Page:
Energy is not running out, nor will it ever run out. The problem is not that fewer energy resources are available, but that the political and environmental consequences of the current energy consumption, well, stink. Hence, the drive for alternatives. The following article introduces the alternatives to fossil fuels.
Alternatives to Fossil Fuels
The alternatives to fossil fuels are:
1. Solar power
Solar power uses sunshine to create both heat and electricity, as well as passive heating and cooling effects in buildings. Although there are other ways to take advantage of solar power the main focus is the direct conversion of radiation. This includes photovoltaic panels and solar liquid heating schemes. Large-scale solar farms can provide entire communities with enough electrical and heating power to make the communities self-sufficient.
2. Nuclear power
Nuclear power harnesses the tremendous energies from both the splitting and fusing of atoms. Many people think that nuclear is not an alternative energy source.
3. Wind power
Wind turbines harness the power of the wind to generate electricity. Wind power is a renewable and clean energy source that has become increasingly popular in recent years. Wind turbines are typically located in windy areas such as coastlines or mountain passes and can be either onshore or offshore. Wind energy is dependent on weather conditions but with advances in technology, wind turbines are becoming more efficient and cost-effective.
Hydropower comes from dams which provide high-pressure water flows that spin turbines, thereby creating electricity. It can be exploited on both a macro level (huge dams can be built to create statewide electrical power on the biggest rivers) and on the micro level (people can put hydropower generators in backyard rivers and streams).
Geothermal power takes heat from the earth and redistributes it into a building or uses the heat to generate electrical power. It’s available in tremendous quantities, but it’s difficult to extract and takes a lot of capital equipment. On a more general level, heat pumps (the kind in many homes) are a source of geothermal energy, so geothermal energy can be practical and effective on a micro level.
6. Biomass and wood
Biomass is sawgrass, mulch, corn and so on. These materials are either burned in their raw form or processed into liquid fuels or solid fuels. Wood, the most common biomass, is used to heat homes throughout the country.
7. Hydrogen fuel cells
Hydrogen fuel cells produce electrical power from nothing more than hydrogen, which is completely free of carbon. The exhaust is water. Hydrogen fuel cells combine oxygen and hydrogen to produce water and electrical energy. There’s an amazing potential to solve a lot of the world’s environmental problems, should fuel cells pan out like some people think they will. The technologies are years off, however. And some major difficulties may never be overcome. But the promise remains bright and a lot of development money is now being invested in fuel cells.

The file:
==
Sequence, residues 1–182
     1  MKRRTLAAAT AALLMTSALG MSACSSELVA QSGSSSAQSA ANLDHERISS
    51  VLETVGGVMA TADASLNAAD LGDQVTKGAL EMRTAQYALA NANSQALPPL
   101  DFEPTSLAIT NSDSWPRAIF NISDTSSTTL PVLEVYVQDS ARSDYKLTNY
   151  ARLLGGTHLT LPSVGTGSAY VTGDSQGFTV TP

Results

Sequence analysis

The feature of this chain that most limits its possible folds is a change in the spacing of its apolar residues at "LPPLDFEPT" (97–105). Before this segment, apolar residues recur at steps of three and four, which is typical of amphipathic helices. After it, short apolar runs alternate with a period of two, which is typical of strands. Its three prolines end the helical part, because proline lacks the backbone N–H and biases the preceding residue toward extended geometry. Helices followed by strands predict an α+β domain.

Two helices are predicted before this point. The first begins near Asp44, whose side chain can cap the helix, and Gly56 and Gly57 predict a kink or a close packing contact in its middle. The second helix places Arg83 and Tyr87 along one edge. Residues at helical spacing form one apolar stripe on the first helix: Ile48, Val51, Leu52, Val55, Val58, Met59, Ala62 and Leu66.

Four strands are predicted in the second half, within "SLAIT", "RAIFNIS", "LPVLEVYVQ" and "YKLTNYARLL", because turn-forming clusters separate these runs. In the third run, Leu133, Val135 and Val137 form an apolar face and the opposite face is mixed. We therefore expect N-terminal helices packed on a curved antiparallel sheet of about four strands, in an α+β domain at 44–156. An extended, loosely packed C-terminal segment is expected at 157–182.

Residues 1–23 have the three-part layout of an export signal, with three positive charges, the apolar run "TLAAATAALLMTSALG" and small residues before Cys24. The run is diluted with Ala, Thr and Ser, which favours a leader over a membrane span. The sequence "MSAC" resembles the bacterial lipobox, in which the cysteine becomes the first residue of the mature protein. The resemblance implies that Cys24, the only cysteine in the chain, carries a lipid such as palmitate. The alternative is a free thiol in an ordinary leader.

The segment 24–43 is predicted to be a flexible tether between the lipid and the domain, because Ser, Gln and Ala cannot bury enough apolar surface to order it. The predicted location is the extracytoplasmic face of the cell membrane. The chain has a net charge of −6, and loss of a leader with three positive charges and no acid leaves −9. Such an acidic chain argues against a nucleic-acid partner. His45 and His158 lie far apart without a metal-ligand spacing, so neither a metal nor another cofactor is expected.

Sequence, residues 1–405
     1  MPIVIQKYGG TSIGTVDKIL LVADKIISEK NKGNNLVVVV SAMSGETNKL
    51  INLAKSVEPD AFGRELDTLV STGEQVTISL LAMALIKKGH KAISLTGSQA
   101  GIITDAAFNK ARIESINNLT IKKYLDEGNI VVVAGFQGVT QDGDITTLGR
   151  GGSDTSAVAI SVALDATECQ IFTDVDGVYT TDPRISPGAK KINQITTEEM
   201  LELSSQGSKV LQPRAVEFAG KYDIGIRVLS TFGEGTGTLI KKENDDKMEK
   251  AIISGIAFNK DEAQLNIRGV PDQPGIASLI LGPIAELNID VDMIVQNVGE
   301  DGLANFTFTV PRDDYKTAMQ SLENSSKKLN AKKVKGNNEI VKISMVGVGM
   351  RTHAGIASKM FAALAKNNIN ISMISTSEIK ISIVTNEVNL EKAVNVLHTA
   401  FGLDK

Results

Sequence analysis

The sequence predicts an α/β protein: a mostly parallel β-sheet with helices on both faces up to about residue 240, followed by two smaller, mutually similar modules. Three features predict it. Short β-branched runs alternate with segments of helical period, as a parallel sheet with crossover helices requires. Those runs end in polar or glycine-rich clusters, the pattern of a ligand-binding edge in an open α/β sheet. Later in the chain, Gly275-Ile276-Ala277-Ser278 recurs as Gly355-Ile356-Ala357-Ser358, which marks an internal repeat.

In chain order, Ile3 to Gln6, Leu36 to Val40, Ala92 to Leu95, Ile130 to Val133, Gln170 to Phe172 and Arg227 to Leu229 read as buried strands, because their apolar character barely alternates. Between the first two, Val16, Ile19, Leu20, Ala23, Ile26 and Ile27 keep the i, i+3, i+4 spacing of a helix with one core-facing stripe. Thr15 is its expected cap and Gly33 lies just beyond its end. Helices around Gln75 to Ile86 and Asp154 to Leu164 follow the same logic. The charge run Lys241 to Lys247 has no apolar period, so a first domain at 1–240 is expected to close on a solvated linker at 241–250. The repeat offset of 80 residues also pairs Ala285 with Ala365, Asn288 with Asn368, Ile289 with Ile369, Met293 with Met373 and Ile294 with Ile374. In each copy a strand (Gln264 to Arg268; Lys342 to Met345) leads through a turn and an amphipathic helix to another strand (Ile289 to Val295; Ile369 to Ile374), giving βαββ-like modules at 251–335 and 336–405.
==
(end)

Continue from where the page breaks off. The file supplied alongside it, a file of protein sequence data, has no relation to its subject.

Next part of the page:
8. Electric vehicles
Electric vehicles use only electricity to power the drive train. The electricity comes from heavy batteries, but battery technologies are getting better and all-electric vehicles are now becoming economically competitive with conventional, internal-combustion vehicles. It should be mentioned that electric vehicles need to get their electrical power from somewhere and that “somewhere” is likely the power grid, which itself consumes a lot of coal and emits a lot of pollution.
9. Hybrid vehicles
Hybrid vehicles are a combination of electric and internal-combustion powertrains. When power requirements are low, the vehicle operates in electrical mode. When more power is needed or when the electric batteries are near depletion, an internal-combustion engine provides power.
Biofuels are made of biomass products such as corn. Corn ethanol is now being added to most gasoline supplies in the United States. Despite the high energy consumption in the refining process, biofuels allow the U.S. to import less foreign oil and so the political effects are desirable. Biofuels may either be used in their pure form or mixed with fossil fuels.
In conclusion, the world is facing a critical need for alternative energy sources to address the negative consequences of current energy consumption. The alternatives to fossil fuels range from solar power, nuclear power, wind power, hydropower, geothermal, biomass and wood, hydrogen fuel cells, electric vehicles, hybrid vehicles and biofuels. Each alternative has its own strengths and weaknesses and all of them offer a glimpse of hope for a more sustainable and cleaner energy future. With continued investment and innovation, it is possible to transition towards a world powered by clean energy and mitigate the negative impacts of energy consumption.